AUGUSTA, Ga. — Patience. It’s not a word always associated with Rory McIlroy, but definitely the dominant theme of his play over the first 36 holes of the 82nd Masters. Four under par at the halfway stage of what he hopes will be the fourth and final leg of his career Grand Slam, the 28-year-old Northern Irishman displayed an unfamiliar calm both on the course and in the post-round analysis of his performance in the increasingly blustery conditions. He even provided a blueprint for success around Augusta National: “Stay patient. Birdie the par 5s. Keep your putts on the high side of the hole. Hope for the best.”
There is a little more to donning a green jacket than that, of course.
“My distance control has been better so far,” he continued. “And I’ve holed putts that have kept momentum in the round going. The par putt on seven today, the par putt on ten, the par putt on 11. Those are huge putts. They are bigger than some of the birdie putts because they keep you going and keep you in the right frame of mind. Those two parts of my game have been really good over the last couple days.”
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McIlroy’s adherence to his own advice was close to exemplary, especially after an erratic start to his second round on Friday. Only in the opening six holes did the four-time major champion betray any sign of the sloppiness and erratic distance control that have been the dominant characteristics of his poorer play over the past few months. Standing on the seventh tee he had made only one par. But crucially, he was only one over par for the day. And there after he was steadiness personified. Not once did he drop a stroke over the closing 12 holes.
“The conditions today were a little more difficult than they were yesterday,” he acknowledged. “The breeze was up a little bit. I felt like the pin positions were a little tougher. It was tough to get it close to some of those pins. So I’m pretty happy with how I’ve started. There were a few birdies and a few bogeys thrown in there, but I steadied the ship after the sixth hole. Didn’t make a bogey after that. Made a couple of birdies. I feel like I could have shot another round in the 60s. In fact, I was a little disappointed walking off the 18th green. I had two good chances on 17 and 18 that I didn’t convert. But overall 71 out there today was a pretty good score. I’m in a nice position going into the weekend.”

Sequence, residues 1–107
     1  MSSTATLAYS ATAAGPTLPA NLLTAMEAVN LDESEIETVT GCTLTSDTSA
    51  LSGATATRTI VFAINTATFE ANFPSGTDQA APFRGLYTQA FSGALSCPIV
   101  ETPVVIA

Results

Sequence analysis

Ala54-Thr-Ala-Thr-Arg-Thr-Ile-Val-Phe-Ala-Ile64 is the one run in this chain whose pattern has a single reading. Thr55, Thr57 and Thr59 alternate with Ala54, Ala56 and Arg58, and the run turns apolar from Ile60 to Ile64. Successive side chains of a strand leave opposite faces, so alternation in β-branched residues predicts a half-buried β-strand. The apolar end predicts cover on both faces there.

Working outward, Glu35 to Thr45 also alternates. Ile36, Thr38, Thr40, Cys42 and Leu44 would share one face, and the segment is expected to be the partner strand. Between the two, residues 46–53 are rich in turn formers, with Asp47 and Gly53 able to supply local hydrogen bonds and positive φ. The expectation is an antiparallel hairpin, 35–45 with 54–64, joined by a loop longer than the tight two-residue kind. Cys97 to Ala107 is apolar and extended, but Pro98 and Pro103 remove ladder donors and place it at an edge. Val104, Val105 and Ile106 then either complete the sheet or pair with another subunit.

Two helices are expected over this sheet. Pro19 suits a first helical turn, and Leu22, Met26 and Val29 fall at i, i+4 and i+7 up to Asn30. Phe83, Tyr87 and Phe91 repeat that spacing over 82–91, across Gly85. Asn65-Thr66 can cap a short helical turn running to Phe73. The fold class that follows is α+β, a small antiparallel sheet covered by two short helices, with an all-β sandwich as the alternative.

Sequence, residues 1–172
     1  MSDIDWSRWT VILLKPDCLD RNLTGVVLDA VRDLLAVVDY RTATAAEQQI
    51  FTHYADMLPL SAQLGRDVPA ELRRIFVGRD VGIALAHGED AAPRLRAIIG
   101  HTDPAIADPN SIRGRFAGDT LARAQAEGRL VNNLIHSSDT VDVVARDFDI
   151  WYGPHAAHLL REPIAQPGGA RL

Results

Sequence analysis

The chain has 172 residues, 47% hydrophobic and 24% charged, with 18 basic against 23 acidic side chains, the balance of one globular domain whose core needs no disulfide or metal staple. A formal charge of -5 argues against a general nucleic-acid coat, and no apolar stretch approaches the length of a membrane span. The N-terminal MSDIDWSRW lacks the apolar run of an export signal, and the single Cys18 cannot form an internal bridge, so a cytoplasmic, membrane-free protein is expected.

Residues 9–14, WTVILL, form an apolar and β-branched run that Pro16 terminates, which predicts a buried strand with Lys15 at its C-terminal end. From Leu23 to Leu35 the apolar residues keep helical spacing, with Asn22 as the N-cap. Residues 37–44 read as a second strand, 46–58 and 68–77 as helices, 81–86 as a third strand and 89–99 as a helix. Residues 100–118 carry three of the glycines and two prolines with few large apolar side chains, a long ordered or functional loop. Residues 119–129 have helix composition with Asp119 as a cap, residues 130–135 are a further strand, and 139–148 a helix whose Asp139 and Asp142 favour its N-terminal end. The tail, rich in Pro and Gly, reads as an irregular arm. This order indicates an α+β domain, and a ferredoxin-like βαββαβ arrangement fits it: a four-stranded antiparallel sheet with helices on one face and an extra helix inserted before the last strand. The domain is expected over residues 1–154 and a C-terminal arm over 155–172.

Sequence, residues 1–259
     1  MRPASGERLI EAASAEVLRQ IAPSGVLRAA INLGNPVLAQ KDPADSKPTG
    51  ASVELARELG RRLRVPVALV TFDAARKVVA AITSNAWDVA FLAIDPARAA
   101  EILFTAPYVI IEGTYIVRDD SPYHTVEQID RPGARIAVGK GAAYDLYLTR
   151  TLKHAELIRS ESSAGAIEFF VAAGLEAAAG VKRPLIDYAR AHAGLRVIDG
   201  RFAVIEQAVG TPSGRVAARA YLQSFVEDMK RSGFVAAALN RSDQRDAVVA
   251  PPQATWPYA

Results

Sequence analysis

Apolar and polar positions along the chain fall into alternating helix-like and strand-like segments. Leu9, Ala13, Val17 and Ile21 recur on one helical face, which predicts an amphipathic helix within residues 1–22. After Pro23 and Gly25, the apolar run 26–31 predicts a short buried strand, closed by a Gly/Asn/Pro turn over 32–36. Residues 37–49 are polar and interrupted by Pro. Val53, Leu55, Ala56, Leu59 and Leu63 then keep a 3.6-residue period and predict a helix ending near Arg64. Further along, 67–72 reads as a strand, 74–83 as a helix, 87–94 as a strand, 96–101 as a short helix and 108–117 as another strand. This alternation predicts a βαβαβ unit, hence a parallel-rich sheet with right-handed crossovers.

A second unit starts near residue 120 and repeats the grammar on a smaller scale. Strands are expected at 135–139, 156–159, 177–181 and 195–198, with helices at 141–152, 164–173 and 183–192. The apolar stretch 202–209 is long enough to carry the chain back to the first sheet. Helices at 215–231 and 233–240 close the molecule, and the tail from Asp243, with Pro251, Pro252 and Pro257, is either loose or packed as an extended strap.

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All of which is more than a little ominous for those above and below McIlroy on the leader board. In all four of McIlroy’s Grand Slam victories he has been inside the top five after 18 holes. On Thursday evening he was sitting T-4.
“I’ve been in contention or around the lead in regular PGA Tour events or majors a number of times now,” he said. “Every experience in those arenas and those situations, you learn a little bit more each time. I know I don’t have to go out there and make a birdie on every hole, especially not on this golf course. In these conditions, pars are OK. Sometimes pars might be a little bit boring. You might feel as if you want to get a little bit more out of your round. But then you look up and you’re still there around the lead. That’s taken awhile for me to adjust to. … Golf is a game of making your misses not that bad and taking advantage of your good shots. So far this week, I’ve been able to do that.”
And listening to himself along the way.
“I’m constantly having a conversation with myself about staying in the present and taking one shot at a time—all the cliché stuff that you hear about,” continued McIlroy with a smile. “But it’s true. That’s all I’m doing. I’m just trying to get up there and hit the best shot that I can. After that, I try to figure out the best way to hit the next shot and the putt.
“So it’s very much been that way. I’m pleased with my thought process and where I am mentally. I don’t have to swing my best to play my best golf. But thinking the way I’m thinking right now is when I’ve been able to produce my best results.”
Sounds like he’s got it figured out. Now it’s all down to execution.